The Allahabad High Court has abrogated the tolling contract awarded to the IL&FS owned Noida Toll Bridge Company Limited (NTBCL) on the 9.2 km eight-lane Delhi-Noida-Direct (DND) Expressway which became operational in 2001 as one the country's first PPP road projects. The court ruled the concession agreement as "unfair" and that NTBCL has "recovered all reasonable returns" from the bridge. The concessionaire has approached the Supreme Court.
This is all very sad and predictable. That the contract was deeply flawed, even fraudulent, is beyond doubt. The decision could therefore rightly be seen as divine (or democratic) retribution to crony capitalism. Populist grandstanding is therefore inevitable.
The cavalier nature of the abrogation, with immediate effect, is increasingly becoming a feature of judicial rulings on large infrastructure contracts. The cancellation of the telecom spectrum licenses has been the most high-profile example.
But such judicial actions impose prohibitive collateral damage on the country's institutional systems. Consider a very risky project, where the bidder bets on windfall gains, which are by definition more than "all reasonable returns", and where the risks subside significantly, for whatever reasons (and there could be many) after a couple of years of the project's commissioning. Given that most such judicial (and any investigative or audit) scrutiny is done with the benefit of hind-sight, without much appreciation of the context in which the decision was actually taken, even such fair bids run the risk of populist abrogation.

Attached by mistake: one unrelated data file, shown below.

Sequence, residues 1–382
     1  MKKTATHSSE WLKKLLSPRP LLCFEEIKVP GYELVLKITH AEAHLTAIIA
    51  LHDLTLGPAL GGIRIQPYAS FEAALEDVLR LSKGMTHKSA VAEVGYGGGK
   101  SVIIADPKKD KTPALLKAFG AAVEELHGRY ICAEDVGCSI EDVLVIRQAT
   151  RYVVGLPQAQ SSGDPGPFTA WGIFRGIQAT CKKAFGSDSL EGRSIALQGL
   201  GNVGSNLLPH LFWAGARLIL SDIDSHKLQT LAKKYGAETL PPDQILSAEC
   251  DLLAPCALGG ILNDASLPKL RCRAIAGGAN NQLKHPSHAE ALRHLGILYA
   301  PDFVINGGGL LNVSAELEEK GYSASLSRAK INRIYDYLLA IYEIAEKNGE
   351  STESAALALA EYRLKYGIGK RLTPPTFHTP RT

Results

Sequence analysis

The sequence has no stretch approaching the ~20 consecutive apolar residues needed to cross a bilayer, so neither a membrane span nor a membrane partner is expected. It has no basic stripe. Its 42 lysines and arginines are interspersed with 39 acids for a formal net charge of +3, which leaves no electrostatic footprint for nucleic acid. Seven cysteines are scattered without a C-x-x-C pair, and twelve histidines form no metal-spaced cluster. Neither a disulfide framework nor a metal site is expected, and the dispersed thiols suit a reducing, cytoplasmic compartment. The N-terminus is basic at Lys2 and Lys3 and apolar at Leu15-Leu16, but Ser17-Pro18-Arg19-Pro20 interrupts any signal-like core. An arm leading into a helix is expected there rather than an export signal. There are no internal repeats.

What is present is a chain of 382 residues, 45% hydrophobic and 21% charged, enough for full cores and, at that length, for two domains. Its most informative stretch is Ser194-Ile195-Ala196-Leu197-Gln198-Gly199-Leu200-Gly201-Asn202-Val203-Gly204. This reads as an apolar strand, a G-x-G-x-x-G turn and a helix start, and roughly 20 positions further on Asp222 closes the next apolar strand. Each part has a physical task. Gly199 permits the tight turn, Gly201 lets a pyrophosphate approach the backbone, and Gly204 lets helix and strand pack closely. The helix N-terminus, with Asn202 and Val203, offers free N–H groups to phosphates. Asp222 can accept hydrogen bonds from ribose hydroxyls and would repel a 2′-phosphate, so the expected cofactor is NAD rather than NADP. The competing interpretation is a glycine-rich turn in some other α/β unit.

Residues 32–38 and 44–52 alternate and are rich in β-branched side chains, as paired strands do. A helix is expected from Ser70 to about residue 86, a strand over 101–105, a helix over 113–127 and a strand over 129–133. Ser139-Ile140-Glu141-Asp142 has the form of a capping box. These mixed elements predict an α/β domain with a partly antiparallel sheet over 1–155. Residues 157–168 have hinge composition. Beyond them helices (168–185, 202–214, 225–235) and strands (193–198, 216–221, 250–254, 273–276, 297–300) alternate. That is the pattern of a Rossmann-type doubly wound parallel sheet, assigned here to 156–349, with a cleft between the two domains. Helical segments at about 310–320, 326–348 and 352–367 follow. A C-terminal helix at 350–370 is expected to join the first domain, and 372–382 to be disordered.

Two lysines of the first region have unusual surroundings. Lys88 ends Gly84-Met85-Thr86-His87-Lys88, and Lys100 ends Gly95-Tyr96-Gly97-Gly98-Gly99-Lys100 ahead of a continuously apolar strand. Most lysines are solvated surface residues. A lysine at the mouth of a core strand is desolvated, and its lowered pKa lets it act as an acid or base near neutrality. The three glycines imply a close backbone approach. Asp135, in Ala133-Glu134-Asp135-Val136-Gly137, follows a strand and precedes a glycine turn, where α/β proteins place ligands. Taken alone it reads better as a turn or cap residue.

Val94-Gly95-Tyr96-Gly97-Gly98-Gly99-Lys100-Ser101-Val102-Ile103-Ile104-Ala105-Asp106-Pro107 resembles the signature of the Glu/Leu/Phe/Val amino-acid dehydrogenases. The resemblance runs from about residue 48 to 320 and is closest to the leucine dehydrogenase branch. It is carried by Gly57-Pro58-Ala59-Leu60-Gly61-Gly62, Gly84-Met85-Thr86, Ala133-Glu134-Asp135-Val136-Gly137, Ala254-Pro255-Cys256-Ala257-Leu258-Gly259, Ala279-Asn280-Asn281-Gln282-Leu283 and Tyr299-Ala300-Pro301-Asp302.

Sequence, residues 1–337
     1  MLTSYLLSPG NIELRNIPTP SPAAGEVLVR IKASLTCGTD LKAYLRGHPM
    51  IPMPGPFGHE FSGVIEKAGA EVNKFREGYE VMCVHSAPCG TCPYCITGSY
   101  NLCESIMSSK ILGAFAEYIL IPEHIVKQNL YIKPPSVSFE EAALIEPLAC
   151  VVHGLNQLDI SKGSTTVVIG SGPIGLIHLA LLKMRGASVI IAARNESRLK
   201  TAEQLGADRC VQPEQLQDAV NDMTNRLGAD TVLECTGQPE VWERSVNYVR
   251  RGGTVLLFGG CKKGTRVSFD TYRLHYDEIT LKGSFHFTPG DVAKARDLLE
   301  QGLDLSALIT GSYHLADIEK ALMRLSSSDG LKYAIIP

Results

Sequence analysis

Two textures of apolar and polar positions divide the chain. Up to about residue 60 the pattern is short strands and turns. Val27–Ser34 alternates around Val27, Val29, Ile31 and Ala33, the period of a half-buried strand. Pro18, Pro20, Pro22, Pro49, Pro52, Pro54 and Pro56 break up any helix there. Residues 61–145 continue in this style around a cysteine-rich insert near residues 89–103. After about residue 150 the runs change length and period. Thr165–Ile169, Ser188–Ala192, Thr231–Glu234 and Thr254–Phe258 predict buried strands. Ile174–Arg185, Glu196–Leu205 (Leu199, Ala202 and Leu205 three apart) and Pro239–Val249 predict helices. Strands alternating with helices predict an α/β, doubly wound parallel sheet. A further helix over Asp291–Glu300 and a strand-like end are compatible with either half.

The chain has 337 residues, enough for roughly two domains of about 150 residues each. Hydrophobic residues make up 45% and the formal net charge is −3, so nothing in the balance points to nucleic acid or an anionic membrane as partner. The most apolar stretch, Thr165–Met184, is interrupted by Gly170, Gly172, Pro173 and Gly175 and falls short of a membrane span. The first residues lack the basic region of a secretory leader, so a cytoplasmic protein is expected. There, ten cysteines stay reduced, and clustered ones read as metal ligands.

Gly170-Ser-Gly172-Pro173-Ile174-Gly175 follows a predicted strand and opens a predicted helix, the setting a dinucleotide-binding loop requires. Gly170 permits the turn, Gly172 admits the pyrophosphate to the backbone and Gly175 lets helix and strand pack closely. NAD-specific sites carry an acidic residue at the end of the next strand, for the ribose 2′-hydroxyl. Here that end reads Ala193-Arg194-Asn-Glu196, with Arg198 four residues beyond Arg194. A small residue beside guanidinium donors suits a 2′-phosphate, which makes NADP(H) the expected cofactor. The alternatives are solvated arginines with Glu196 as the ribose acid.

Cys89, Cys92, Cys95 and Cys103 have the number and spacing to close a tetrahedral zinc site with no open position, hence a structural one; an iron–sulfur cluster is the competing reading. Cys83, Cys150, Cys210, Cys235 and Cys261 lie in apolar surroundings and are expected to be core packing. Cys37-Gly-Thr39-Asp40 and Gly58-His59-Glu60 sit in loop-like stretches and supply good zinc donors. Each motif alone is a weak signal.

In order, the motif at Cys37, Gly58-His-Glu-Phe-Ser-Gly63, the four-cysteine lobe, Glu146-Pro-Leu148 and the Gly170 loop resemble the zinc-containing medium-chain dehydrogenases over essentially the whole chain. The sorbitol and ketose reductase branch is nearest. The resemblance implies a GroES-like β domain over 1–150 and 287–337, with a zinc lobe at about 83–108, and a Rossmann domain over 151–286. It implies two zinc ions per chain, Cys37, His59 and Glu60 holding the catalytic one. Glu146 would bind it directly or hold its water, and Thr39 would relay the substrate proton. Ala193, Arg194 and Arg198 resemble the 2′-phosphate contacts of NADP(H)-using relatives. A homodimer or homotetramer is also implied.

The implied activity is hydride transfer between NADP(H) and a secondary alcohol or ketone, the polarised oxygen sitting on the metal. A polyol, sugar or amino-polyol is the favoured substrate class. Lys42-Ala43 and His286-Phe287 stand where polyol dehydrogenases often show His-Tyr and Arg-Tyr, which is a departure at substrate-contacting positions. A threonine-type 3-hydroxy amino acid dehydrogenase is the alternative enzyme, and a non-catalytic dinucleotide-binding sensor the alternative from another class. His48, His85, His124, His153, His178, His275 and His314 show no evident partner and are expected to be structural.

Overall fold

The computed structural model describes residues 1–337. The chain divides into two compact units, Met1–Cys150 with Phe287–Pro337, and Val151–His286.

I can understand the judicial revocation of a bad contract. But the grounds have to be legal inadequacies and established fraud in the contract. Both may never have been very difficult to establish with the instant concession, starting from 2001. But now, a fully fifteen years later, to revoke a contract on an interpretation of the gains made by the concessionaire, and that too by a judicial action and not by a technically competent entity, disturbs me. At the least, the matter could have been referred to the National Highways Authority of India or some other entity to identify the legal inadequacies and clearly quantify the cumulative construction cost and recoveries, and then adjudicate thereon.
But the unfortunate thing is that governments and, more surprisingly, developers never learn. We will continue to have such egregious excesses, as is still happening in many states with large tenders and land allotments. And all this will only encourage more judicial actions that strike at the sanctity of contracts.